GPs in England make mistakes in one in 20 prescriptions, a major new study has revealed.
And while most errors were classed as mild or moderate, one in every 550 prescriptions contained “serious errors”. The research commissioned by the General Medical Council found one in eight patients had mistakes in their prescriptions, with the elderly and the young the worst affected.
The study looked at 15 general practices from three areas of England and analysed the records of 1,777 patients. The most common types of mistake were incomplete information on the prescription (30 per cent), dosage errors (18 per cent) and incorrect timing of doses (11 per cent). The most common type of monitoring error was a failure to request monitoring in 69 per cent of cases.
The risk of prescribing mistakes increased according to the number of medicines a patient was taking (each additional medicine increased error risk by 16 per cent), patient age (children and over-75s were twice as likely to have an error) and the type of medicine prescribed. In many cases, however, the report said mistakes were picked up and corrected by pharmacists.
Researchers identified a number of contributing factors in prescribing errors including deficiencies in GP prescribing training, pressure and distractions at work, lack of robust systems for ensuring patients receive necessary blood tests and problems relating to GPs using computer systems – i.e. overriding important drug interaction alerts. .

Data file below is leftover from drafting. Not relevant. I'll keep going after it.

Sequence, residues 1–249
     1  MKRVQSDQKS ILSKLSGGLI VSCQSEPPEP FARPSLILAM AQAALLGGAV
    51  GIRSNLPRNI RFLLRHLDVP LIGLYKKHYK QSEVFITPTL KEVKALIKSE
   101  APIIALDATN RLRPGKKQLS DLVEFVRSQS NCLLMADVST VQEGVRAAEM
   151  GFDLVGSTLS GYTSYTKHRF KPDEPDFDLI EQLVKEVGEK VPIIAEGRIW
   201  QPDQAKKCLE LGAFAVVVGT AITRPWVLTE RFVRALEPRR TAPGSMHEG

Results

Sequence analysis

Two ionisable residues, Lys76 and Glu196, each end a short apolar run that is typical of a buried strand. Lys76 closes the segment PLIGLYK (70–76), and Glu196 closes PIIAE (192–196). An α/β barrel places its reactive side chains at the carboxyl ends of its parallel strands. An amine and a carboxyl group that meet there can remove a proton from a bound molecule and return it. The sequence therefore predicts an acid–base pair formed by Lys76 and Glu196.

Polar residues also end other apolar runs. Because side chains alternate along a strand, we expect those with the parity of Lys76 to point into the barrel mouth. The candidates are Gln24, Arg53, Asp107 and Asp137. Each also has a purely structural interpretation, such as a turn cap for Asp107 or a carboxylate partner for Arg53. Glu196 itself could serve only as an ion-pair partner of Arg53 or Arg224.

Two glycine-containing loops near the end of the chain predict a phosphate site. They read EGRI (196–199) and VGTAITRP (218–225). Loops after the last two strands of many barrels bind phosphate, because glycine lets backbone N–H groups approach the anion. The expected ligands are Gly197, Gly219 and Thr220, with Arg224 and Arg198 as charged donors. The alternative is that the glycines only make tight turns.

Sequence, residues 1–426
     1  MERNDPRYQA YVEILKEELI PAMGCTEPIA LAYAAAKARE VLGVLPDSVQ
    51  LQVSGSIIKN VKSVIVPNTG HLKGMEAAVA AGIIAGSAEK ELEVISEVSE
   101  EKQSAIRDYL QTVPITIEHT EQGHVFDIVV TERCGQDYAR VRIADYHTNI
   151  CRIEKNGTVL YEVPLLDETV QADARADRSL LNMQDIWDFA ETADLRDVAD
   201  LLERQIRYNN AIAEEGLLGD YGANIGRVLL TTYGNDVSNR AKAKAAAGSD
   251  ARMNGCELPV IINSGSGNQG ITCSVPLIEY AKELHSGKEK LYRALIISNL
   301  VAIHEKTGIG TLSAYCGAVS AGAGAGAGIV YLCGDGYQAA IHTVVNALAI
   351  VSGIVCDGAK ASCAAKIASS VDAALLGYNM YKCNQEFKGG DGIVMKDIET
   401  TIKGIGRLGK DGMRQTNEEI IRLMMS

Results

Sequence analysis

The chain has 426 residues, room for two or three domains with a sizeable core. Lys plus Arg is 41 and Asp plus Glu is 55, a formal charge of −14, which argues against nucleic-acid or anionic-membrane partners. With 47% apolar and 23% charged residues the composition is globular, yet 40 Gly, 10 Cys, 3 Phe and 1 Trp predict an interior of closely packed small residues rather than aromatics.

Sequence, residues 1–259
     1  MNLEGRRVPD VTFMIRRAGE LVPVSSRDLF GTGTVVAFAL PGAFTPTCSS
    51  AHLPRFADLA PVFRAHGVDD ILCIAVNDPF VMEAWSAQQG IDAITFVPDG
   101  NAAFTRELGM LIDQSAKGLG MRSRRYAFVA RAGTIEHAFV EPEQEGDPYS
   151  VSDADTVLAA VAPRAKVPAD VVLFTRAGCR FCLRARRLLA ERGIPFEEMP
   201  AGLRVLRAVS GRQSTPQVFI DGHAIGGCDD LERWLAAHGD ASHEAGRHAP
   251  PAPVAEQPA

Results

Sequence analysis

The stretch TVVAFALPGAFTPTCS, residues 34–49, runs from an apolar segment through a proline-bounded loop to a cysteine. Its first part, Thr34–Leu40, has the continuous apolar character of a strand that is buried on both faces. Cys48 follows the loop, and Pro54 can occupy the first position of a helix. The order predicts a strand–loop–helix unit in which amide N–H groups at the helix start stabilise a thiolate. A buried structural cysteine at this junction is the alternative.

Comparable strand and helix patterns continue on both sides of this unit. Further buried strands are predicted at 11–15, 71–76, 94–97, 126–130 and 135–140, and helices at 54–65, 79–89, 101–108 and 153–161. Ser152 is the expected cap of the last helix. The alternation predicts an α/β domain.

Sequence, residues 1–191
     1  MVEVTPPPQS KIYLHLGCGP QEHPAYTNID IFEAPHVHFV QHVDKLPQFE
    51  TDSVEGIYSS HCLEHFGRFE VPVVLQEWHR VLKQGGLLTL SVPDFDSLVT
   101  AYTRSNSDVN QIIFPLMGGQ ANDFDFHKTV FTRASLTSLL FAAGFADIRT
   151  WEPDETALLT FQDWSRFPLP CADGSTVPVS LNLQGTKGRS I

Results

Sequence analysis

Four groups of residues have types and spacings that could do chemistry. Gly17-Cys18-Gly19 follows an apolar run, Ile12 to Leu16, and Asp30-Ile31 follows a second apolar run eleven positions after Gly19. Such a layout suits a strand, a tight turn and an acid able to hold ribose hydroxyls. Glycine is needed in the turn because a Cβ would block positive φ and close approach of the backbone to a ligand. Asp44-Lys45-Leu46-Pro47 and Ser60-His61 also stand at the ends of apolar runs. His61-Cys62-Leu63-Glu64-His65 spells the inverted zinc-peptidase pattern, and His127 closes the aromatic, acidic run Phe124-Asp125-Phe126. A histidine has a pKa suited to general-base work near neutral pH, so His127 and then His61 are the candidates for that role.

They called for improved GP training and suggested the length of the GP consultation should be increased from 10 to 15 minutes to reduce time pressures on doctors.
Lead researcher Professor Tony Avery said: “Few prescriptions were associated with significant risks to patients but it’s important that we do everything we can to avoid all errors. GPs must ensure they have ongoing training in prescribing, and practices should ensure they have safe and effective systems in place for repeat prescribing and monitoring.”
He also suggested doctors share their experiences of prescribing issues both informally within their practices and through more formal local or national reporting systems.
GMC chairman Professor Sir Peter Rubin said effective computer systems and careful patient monitoring were key to reducing errors. He also suggested doctors and patients could benefit from greater involvement from pharmacists in supporting prescribing and monitoring.
He added: “We will be leading discussions with relevant organisations… to ensure that our findings are translated into actions that help protect patients.”